Connecting the Universe

Project allows technology students to support museum exhibit

The moon may be nearly 240,000 miles from Earth, but it’s a lot closer in Greenville thanks to the N.C. Museum of Natural Sciences and some East Carolina University technology students.

Six students — Aaron Carey, Henrie Harris, Garret Horn, Freddy Meza-Romero, Carson Roughton and John Wright — tackled a senior capstone project to help improve wireless network connectivity and computer performance of an interactive exhibit about the universe at the museum on 8th Street.

“We’re trying to solve some computer networking lag issues,” said Carey, an information and cybersecurity technology (ICT) major from Greenville. “The exhibit is running two computers at once, and one is lagging behind the other. We’re going to try and see if we can find a solution so that it doesn’t happen.”

Brian Baker, deputy head of science at the N.C. Museum of Natural Sciences in Greenville, works on an interactive exhibit on the universe. Information and cybersecurity technology students have been working with Baker on the exhibit’s wireless network connectivity and computer performance.

The students worked at the museum recently with Brian Baker, deputy head of science at the museum. A child approached, and Baker immediately brought up an image of the moon, zooming in and out and asking him his favorite planet. “Earth is my favorite,” he replies. “Me too,” Baker tells him.

But to get a good, seamless look beyond Earth, two computers need to work in tandem through a program called Open Space. The data visualization software takes real data from space missions, telescopes and observations, and puts it together to produce 3D images of planets, galaxies and other celestial objects on the large screen. One computer is connecting faster than the other.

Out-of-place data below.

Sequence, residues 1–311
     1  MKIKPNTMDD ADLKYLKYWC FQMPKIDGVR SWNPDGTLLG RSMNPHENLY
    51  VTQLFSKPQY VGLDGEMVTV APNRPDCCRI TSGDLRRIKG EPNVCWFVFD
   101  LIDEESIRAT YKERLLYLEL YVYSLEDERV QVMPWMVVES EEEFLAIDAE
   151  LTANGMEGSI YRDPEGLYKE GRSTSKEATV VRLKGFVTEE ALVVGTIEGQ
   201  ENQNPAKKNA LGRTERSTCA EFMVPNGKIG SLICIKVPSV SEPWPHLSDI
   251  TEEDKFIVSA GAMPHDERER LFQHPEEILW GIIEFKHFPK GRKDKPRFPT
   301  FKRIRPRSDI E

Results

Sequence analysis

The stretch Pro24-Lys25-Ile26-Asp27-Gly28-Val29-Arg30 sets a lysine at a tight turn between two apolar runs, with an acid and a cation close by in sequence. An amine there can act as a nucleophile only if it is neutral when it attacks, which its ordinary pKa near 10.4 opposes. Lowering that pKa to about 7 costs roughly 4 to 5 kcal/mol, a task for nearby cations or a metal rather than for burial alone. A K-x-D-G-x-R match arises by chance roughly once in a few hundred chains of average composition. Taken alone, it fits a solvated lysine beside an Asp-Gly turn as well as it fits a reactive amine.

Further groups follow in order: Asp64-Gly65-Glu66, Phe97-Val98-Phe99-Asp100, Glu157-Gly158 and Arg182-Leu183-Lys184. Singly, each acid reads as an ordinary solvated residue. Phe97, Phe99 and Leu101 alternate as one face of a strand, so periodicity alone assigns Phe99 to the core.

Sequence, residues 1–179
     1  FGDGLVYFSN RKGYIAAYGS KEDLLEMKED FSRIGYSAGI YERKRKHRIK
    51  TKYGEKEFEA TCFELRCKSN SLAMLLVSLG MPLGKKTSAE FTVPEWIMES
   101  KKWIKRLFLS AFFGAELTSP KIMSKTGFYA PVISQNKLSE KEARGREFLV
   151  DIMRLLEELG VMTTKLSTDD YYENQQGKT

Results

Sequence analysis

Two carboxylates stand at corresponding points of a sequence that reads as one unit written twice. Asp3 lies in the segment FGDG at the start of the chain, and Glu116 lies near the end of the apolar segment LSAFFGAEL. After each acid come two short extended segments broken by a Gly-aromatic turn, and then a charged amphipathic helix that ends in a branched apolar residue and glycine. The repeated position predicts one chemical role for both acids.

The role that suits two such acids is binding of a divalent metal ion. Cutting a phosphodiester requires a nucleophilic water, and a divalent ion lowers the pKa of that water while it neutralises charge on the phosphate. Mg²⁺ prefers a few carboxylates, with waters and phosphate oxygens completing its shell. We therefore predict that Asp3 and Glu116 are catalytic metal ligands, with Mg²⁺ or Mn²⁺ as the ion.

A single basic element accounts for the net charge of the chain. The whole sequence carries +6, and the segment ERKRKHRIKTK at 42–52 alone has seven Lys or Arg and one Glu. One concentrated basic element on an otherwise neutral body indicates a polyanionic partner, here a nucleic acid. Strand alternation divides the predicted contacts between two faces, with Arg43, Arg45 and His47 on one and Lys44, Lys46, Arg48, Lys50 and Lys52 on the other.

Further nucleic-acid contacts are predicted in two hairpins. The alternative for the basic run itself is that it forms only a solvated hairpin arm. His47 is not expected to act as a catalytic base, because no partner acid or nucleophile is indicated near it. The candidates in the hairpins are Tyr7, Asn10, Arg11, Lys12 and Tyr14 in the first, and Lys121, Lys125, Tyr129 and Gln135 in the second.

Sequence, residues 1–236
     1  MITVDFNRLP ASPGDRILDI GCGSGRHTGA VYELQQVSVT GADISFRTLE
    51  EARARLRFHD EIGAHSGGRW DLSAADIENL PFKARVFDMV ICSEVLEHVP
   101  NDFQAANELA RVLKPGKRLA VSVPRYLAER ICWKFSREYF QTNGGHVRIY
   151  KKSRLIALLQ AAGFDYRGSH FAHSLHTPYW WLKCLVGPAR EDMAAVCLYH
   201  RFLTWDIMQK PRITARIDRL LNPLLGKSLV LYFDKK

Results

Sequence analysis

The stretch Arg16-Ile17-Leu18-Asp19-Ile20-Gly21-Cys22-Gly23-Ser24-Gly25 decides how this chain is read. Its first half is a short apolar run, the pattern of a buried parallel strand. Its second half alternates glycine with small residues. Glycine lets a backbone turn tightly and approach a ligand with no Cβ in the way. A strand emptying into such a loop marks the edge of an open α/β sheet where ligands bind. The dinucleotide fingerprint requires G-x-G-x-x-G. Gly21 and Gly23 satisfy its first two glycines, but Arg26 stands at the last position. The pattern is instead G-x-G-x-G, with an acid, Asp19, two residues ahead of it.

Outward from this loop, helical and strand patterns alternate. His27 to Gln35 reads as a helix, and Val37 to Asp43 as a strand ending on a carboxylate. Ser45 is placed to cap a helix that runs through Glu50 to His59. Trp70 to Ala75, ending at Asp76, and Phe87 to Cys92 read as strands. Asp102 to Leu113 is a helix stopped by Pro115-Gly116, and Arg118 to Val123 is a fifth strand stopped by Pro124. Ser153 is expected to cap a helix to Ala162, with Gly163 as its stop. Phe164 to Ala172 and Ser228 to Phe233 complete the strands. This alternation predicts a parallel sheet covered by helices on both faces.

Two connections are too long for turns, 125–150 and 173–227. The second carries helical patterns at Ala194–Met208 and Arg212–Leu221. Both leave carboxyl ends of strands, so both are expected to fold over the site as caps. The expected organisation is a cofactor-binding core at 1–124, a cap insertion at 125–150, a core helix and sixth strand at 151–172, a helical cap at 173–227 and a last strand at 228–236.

“This setup relies heavily on Wi-Fi networks and the internet, so it was pretty awesome to get help on a number of things with this exhibit, just getting the most out of it,” Baker said.

He said the Greenville museum also wanted to make the exhibit more user friendly.

“It’s pretty technical and complicated, so the initial task was trying to make it more interactive and easier to use for our walk-in visitors,” Baker said. “We went through a number of different things and landed on the game controller as the best option for that.”

For the ECU students, the project provided a glimpse into the work they’ll do when they graduate. They examined networking, graphic cards, HDMI cables and wireless connectivity.

“They use Meraki-based equipment,” Wright said of the IT company. “I interned with Meraki over the summer, so it was great to have a little bit of knowledge of that. I’m going back to Meraki to work full time when I graduate, so due to this building using Meraki, it just helped me to stimulate my brain a little bit more with using a Meraki device and using the Meraki dashboard, so I would definitely say it helped me moving forward.”

Carey said he appreciated the opportunity to work beyond the classroom.

“Being able to get hands-on work, it’s probably been the most fun,” he said. “You need to actually go to a location and do the work. It’s definitely experience I can use.”

Wright, an ICT major from Knightdale, said he enjoyed collaborating with classmates and working with Baker.

“I really liked having someone — even though we’re college students — trust us to be able to give best recommendations and best practices for IT configurations,” he said.

Wright said the project also provided him a chance to give back to the community, helping the museum and those children who will learn about the universe through the exhibit.

“This is really satisfying because it’s what we went to school for for four years,” he said. “To work, especially in the city of Greenville, we’re able to give back and show appreciation without having to physically say thank you. We can show appreciation in the form of a service.”

And it is service Baker appreciates.

“It’s been really good,” he said. “They’ve been on top of it. We’ve had them out by about four or five times, and they’ve just been bringing some good suggestions and doing some good research into some of the problems that we’re facing. We’ve done a number of different capstone projects, and this is a fine partnership between the museum and ECU. It’s something we hope to continue moving forward.”

Students Aaron Carey, left, and John Wright work on the exhibit at the N.C. Museum of Natural Sciences in Greenville.